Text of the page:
(/sites/default/files/uploads/2013/08/davis.jpg)“The California prisoners’ hunger strike is a courageous call for the California prison system to come out of the shadows and join a world in which the rights and dignity of every person is respected.”
That’s the closer of an oped piece by Angela Davis, “professor emeritus of history of consciousness and feminist studies at the University of California, Santa Cruz.” There’s a lot more to professor Davis, and her latest cause could also stand some scrutiny.
Peter Coyote, Susan Sarandon and other Hollywood celebrities have signed a letter of support for prisoners engaged in a hunger strike over conditions in the security housing unit at Pelican Bay State Prison. Professor Davis claims such solitary confinement constitutes “torture.” But according to the liberal editorial board of the Sacramento Bee, which has been critical of Pelican Bay in the past, the stars “ought to save their outrage.”
The inmates fomenting the hunger strike, who claim their human rights are being violated, “include killers and leaders of the most brutal gangs in the prison system. They are from the Aryan Brotherhood, Black Guerrilla Family, Mexican Mafia and Nuestra Familia.” Prison officials say the hunger strike “has nothing to do with conditions and everything to do with gang leaders wanting to get into the general population so they can more readily conduct their gang business.” The Bee agrees, and adds some detail.
The security housing units are stark, “but it’s not as if they are rat-infested, medieval holes. Many inmates have cellmates and can talk through the locked doors to their neighbors. Pelican Bay inmates have televisions, with 23 channels, including the four broadcast networks, PBS, BET and ESPN, plus educational and self-help channels and Bible channels in English and Spanish.” Inmates have to “work” to get in such units. That is, they commit acts of violence. “For the safety of other inmates,” the Bee said, “that’s where some of them should remain.”
These are “gang leaders who masquerade as human rights advocates” and the celebrities “diminish their credibility” by embracing their cause. As readers of this profile will understand, it’s a bit different for Angela Davis, who does have some knowledge of violent prisoners such as Black Panther George Jackson, responsible for killing a guard at Soledad Prison.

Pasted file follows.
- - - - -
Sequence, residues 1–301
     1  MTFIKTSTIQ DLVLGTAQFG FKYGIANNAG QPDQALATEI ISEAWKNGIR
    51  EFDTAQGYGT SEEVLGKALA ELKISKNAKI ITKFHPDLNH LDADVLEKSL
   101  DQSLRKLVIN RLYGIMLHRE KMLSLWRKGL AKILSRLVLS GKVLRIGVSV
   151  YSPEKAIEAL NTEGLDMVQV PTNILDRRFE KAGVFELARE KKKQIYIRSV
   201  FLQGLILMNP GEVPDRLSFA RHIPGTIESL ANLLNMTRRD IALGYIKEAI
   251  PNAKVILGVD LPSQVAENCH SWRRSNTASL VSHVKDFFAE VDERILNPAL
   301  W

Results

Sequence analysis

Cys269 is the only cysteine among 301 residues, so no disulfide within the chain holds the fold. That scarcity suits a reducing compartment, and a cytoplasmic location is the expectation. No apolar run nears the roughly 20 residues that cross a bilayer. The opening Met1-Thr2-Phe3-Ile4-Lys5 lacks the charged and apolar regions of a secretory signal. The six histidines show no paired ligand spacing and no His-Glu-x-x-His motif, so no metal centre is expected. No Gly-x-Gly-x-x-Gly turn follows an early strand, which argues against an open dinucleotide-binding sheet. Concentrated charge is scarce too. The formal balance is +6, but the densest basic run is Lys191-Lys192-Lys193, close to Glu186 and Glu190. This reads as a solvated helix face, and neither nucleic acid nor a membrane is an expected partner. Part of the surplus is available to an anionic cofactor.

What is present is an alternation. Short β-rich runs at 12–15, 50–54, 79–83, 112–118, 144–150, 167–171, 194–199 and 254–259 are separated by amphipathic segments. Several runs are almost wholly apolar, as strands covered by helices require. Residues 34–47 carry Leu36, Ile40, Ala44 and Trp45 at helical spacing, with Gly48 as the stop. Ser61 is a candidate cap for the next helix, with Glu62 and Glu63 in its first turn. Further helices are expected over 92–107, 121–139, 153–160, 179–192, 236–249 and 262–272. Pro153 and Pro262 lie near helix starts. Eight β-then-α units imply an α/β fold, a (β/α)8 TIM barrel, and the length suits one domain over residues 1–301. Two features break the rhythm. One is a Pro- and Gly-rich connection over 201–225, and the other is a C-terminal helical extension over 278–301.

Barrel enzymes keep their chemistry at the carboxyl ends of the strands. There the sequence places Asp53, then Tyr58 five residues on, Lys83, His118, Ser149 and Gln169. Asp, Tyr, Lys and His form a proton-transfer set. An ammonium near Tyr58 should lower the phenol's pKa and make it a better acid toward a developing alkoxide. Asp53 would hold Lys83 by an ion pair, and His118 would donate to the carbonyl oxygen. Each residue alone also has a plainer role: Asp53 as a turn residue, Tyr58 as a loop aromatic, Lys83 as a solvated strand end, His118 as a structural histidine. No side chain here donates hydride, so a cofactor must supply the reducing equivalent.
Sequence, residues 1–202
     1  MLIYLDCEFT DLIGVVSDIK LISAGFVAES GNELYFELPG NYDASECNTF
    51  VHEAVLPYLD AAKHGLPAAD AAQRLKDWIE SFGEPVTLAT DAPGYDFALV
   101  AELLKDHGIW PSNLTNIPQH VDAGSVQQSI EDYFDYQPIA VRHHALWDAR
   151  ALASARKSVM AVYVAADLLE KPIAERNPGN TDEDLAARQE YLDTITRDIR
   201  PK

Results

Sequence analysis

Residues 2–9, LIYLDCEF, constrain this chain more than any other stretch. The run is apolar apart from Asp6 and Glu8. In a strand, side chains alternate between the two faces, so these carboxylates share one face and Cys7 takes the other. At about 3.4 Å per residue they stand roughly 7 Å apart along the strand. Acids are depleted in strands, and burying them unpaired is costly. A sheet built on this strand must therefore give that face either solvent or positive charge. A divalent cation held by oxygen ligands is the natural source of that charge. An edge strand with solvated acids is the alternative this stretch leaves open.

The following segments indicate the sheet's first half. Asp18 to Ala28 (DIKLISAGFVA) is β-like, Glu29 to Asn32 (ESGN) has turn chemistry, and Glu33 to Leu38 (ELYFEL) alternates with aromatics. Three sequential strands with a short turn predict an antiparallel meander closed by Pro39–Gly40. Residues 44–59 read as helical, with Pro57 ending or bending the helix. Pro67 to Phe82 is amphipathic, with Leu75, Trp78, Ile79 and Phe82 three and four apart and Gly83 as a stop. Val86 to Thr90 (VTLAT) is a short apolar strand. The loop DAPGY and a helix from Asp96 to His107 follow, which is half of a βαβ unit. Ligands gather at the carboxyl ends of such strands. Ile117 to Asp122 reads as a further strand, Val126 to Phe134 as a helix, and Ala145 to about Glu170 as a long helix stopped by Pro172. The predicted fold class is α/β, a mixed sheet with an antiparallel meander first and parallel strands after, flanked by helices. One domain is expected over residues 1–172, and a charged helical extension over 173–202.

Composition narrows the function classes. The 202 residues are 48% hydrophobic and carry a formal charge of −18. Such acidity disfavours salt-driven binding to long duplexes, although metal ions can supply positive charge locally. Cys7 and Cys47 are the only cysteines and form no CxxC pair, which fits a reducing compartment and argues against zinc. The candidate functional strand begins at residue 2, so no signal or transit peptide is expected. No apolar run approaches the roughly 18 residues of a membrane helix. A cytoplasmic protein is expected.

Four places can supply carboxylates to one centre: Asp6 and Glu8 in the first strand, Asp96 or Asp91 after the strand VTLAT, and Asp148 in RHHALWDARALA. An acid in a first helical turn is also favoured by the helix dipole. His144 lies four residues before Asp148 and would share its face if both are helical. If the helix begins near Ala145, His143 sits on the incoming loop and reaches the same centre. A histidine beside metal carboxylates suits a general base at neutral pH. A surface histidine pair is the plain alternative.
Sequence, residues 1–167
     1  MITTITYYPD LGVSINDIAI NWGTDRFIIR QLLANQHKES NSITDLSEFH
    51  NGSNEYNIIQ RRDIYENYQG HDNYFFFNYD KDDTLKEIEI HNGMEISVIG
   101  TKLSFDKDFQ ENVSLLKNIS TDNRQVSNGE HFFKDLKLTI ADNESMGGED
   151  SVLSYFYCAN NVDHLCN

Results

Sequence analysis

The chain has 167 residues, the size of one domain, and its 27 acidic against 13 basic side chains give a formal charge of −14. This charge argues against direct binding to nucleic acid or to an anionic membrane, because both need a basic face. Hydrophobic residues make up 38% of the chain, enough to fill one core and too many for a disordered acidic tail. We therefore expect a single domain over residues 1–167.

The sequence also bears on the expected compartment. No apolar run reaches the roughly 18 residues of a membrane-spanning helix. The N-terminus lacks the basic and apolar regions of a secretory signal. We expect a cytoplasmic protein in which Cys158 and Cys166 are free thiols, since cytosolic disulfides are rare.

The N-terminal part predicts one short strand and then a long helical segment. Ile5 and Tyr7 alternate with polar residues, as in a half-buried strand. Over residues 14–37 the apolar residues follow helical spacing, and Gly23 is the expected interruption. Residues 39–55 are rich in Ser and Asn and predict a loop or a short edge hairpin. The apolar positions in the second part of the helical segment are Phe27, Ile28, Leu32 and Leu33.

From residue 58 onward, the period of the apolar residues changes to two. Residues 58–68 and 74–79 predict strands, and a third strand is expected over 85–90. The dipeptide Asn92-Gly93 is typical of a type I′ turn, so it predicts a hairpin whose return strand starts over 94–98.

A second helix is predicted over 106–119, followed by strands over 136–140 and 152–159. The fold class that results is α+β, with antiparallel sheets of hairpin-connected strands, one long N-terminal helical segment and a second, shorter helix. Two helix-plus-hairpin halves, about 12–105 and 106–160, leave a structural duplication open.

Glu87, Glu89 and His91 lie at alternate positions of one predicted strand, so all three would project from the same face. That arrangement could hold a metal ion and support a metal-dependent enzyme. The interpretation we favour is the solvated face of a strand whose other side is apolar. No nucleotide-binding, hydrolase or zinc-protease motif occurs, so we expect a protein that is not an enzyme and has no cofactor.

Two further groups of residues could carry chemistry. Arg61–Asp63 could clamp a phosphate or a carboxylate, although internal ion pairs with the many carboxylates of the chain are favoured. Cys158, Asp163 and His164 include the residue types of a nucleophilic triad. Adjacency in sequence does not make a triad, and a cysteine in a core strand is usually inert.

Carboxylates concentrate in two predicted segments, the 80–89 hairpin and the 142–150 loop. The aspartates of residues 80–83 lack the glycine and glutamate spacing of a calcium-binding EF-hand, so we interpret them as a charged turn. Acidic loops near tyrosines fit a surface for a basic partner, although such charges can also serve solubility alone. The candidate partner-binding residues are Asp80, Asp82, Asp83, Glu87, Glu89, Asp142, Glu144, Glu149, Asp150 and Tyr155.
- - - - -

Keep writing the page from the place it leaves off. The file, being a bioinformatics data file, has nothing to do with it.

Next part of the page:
As this article described it, Davis brought the “arsenal of weapons” to spring Jackson. On August 7, 1970, “George Jackson’s 17-year-old brother, Jonathan, charged into a Marin County courtroom and took several people hostage, including Judge Harold Haley, the prosecuting assistant DA, and two jurors. The assailants taped a sawed-off shotgun (owned by Davis) to Haley’s chin. In the ensuing escape attempt, a shootout took place during which Haley’s head was blown off, and Jonathan Jackson was killed.”
Davis fled but was arrested in New York. At her 1972 trial more than 20 witnesses implicated her in the plot to free Jackson, but she was acquitted. That made her a national figure and helped launch her political career.
In 1979, she won the International Lenin Peace Prize, awarded by East Germany, a totalitarian state that shot people for the crime of attempting to leave the country, a practice Davis never criticized. The Lenin Peace Prize helped her rise in the Communist Party USA, a creation of the Soviet Union, whose vast Gulag prison system never bothered Angela Davis, a faithful soldier in totalitarianism’s alibi armory.
In 1980 and 1984 Davis was CPUSA vice-presidential candidate, on the bottom of the ticket under white Stalinist Gus Hall. She and Hall lost, but that defeat, her advocacy for totalitarian dictatorships, and her involvement in Soledad case, could not prevent Davis from becoming professor of history of consciousness and feminist studies at UC Santa Cruz. As such, Angela Davis is a highly paid and pensioned member of California’s ruling class. She is also, like the Pelican Bay hunger strikers, masquerading as human rights activist. But on another level, her activism makes perfect sense.
In George Orwell’s Animal Farm, the question arises about the place in the revolution of wild, non-domesticated creatures. The revolutionary leaders decide that, yes, rats are comrades. Likewise, in the view from the Hollywood and academic Left, violent criminals like the Pelican Bay gang bosses are simply more victims of capitalist injustice. That’s why Hollywood stars and Angela Davis support them.
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